The speech didn’t acknowledge the fact that most farmers in the country have abandoned farming because of ceaseless attacks by bandits and the increasing brazenness with which cattle destroy farm crops. Many farmers no longer see any wisdom in farming because they might get kidnapped while farming or their entire crops might end up being used as pasture for cattle without any consequences.

But Buhari and his speech writers think enabling Nigerian pharmacists to make drugs and vaccines at home will quench the mass hunger in the land!

Buhari also hopes he doesn’t need to work to bring about peace, underscoring why the country is drenched in avoidable bloodbath. He said, “our hope is not to fight for peace. We can always settle our grievances peacefully without spilling any blood.” What kind of leader doesn’t want to fight for peace when the country he leads is beset by bloodstained violence everywhere?

Maybe his speech writers meant “our hope is that we don’t have to be violent to stem the tide of violence.” If so, why didn’t they say it that way? To fight for peace is to work toward bringing about peace—except the speech writers are being literal in their understanding of “fight,” which would be embarrassing for a presidential speech.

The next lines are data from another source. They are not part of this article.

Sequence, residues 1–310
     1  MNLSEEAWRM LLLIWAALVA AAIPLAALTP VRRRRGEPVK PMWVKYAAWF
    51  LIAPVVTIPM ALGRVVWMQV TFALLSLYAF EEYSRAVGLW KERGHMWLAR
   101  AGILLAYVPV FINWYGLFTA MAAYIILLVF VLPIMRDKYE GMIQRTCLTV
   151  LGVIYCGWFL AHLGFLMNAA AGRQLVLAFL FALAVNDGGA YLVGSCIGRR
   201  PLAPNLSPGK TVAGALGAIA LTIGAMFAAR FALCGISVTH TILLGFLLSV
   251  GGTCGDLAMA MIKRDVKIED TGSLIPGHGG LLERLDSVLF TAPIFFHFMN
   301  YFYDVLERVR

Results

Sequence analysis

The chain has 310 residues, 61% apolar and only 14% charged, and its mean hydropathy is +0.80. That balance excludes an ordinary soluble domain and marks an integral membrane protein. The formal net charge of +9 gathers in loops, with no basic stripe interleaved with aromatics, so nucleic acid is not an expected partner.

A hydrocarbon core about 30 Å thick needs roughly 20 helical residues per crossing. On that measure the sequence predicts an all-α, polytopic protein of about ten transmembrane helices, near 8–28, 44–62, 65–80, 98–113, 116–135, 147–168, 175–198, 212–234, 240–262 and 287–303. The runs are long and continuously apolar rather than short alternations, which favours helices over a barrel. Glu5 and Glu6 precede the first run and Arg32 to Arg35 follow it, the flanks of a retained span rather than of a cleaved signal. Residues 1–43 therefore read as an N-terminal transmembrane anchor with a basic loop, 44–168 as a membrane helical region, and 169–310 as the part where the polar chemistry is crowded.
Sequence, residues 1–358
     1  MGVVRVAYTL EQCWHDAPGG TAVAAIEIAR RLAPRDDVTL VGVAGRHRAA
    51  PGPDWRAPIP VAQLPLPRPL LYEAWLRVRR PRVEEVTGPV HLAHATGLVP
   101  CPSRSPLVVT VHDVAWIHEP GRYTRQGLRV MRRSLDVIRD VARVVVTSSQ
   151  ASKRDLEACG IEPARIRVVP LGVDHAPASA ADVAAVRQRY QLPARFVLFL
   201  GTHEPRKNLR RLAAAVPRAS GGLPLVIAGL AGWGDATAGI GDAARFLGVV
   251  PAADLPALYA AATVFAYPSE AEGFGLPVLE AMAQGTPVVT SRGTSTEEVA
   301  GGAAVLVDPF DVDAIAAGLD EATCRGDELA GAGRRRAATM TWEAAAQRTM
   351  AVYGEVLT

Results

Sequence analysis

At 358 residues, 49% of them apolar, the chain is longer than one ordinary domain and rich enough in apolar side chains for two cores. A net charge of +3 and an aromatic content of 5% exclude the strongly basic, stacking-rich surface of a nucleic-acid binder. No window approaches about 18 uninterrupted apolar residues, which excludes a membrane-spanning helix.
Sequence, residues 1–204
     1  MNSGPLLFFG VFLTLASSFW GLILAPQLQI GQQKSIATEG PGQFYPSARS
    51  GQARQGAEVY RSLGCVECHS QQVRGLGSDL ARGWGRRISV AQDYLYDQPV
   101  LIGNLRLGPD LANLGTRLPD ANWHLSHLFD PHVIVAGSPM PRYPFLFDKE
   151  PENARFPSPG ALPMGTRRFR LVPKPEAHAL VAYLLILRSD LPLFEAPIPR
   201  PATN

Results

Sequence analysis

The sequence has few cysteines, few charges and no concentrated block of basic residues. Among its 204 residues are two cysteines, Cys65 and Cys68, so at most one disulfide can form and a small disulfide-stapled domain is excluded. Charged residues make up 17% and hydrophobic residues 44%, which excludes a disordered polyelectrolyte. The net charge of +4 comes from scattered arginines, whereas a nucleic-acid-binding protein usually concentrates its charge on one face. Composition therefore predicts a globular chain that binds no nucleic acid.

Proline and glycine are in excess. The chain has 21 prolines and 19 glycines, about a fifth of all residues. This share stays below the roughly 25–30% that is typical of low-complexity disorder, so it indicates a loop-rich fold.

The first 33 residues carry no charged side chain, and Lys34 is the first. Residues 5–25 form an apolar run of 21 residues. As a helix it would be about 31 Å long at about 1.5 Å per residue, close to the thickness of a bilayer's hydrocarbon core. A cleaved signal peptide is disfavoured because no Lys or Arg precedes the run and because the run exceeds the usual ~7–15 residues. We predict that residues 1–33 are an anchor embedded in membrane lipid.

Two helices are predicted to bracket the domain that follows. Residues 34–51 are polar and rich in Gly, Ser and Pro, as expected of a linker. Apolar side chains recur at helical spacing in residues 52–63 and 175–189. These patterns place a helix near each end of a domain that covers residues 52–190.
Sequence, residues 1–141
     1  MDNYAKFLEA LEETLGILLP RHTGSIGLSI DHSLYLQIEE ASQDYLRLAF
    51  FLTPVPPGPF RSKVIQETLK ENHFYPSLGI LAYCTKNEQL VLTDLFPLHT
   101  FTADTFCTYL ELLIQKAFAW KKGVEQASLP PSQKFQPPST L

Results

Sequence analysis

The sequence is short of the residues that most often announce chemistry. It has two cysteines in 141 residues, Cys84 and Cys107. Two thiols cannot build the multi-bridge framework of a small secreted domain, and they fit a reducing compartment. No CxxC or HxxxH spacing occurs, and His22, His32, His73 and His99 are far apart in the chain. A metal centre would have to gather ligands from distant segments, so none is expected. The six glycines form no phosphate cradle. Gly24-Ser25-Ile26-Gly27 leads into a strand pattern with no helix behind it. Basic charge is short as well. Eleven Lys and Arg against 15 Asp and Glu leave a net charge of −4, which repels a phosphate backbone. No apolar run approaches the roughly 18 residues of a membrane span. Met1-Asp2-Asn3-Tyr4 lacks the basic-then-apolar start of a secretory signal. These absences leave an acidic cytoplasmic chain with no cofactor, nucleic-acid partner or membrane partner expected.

In any case, the regime has consistently used violence to tamp down legitimate expressions of dissent in the form of peaceful protests. As recently as September 28, that is, three days before Buhari’s speech, eight unarmed members of the Islamic Movement of Nigeria were murdered and 57 of them arrested by Nigerian security forces for merely holding a procession in Abuja that caused a snarl-up. Hundreds of them were similarly murdered in Kaduna in 2015. That’s literally “fighting” for peace.